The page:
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Breakdown, The First Steps of Deconstructing Your Paradigm

Reading the Bible isn’t as easy as I was taught as a child.

For instance, a few months ago I walked a group of people through a class entitled, A Dangerous Word. Essentially we examined how we read scripture. It’s obvious – given the 1,000’s of Christian denominations – that people and ecclesiological traditions read the Bible differently. What’s less obvious – and this applies to all groups – is that “we” have a particular way of reading scripture. What’s more, “our” way of reading is largely culturally-conditioned and has it’s own beauty and it’s own blind spots. Texts that are crucial to one person or group are oftentimes marginalized or flat-out ignored by others – it’s called “privileging a text.”

This privileging of texts gets pretty astonishing at times. some traditions find themselves honoring and privileging one half of a sentence and ignoring the second part of the same sentence. For instance, the church of my childhood demanded that “Church of Christ” was the only proper name for a church because it was the only one mentioned in the New Testament (Romans 16.16). Yet, in those same churches, no one – and I mean NO ONE – ever exchanged a “Holy kiss” though that is also in Romans 16.16. As Scot McKnight has pointed out in his great book, The Blue Parakeet“every one of us adopts and (at the same time) adapts the Bible to our culture.”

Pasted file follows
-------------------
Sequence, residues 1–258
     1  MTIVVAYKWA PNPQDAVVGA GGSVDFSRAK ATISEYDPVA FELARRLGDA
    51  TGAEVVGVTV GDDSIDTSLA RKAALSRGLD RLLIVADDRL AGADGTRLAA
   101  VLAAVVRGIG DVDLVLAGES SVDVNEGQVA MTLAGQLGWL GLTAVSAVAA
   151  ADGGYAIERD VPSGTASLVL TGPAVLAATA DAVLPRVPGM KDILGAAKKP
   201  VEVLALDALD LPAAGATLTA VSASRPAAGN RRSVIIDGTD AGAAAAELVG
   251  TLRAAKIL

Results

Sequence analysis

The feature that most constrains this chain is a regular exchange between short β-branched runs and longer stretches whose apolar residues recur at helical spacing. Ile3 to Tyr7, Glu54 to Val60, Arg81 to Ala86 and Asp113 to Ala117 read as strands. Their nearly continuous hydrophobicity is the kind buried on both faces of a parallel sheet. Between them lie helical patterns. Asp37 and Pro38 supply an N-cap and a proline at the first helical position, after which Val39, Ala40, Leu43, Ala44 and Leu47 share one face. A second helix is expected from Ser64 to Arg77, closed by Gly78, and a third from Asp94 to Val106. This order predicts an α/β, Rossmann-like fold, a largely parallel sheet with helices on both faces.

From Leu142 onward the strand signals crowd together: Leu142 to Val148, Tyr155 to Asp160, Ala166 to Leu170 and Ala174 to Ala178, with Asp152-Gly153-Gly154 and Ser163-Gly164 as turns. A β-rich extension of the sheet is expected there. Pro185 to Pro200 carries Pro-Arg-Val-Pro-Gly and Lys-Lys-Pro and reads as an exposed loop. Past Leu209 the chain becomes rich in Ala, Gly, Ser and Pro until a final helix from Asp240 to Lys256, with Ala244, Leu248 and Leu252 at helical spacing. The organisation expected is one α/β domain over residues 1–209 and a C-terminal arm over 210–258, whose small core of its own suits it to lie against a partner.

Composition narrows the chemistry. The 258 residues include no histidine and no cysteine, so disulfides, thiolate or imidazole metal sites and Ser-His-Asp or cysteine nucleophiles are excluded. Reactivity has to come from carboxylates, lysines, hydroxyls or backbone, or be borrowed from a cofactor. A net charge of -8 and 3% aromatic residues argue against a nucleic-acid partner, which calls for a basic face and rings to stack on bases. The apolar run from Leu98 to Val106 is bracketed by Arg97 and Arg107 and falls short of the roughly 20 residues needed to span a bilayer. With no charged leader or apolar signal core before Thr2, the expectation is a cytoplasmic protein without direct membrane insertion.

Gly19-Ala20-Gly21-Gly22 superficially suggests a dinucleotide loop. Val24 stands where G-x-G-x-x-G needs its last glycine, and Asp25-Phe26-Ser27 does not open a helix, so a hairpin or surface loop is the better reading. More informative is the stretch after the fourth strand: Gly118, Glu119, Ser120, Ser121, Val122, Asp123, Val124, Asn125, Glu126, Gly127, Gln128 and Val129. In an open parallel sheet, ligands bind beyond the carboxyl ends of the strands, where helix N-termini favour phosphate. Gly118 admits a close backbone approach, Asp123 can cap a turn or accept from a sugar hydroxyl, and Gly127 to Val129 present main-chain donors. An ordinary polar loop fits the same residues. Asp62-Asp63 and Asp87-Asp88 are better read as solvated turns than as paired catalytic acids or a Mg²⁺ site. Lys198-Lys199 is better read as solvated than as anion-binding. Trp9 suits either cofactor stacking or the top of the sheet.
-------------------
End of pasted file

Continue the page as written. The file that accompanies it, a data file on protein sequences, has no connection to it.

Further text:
In preparing the class I was once again reminded how difficult it is to peel back our constructs in order to build a better and more constructive one. Like many theology students, the death of our “first naivete” and the introduction of  the “hermeneutics of suspicion,” can be oft-putting. People, including myself, are resistant to the process of deconstruction.

For one, deconstruction is hard. In the process we have to examine our preconceptions and offer the lamb of our philosophical and theological constructs up for sacrifice. Only truth-seekers can truly do this. Those who desire to use their version of truth or partial truth reject the process out-right. There’s simply too much at stake – namely power. In order to get to the heart of truth one must be willing to clear the debris of partial truth, idols and comforting platitudes.

Second, the deconstructive process puts our past on the line. We are who we are because of our history. Even our painful experiences shape us. Since most of us like ourselves we protect our history. How disorienting it is to willingly engage a process that critiques both our current belief system and past beliefs…especially for leaders. We’ve given advice and walked through life with other people, offering the seeds of a belief system throughout the process. We bring into question the good we have done if we allow ourselves to questions the beliefs that gave rise to those good works. For Christians, this should be mitigated by belief that God is working through us and it was never about us in the first place.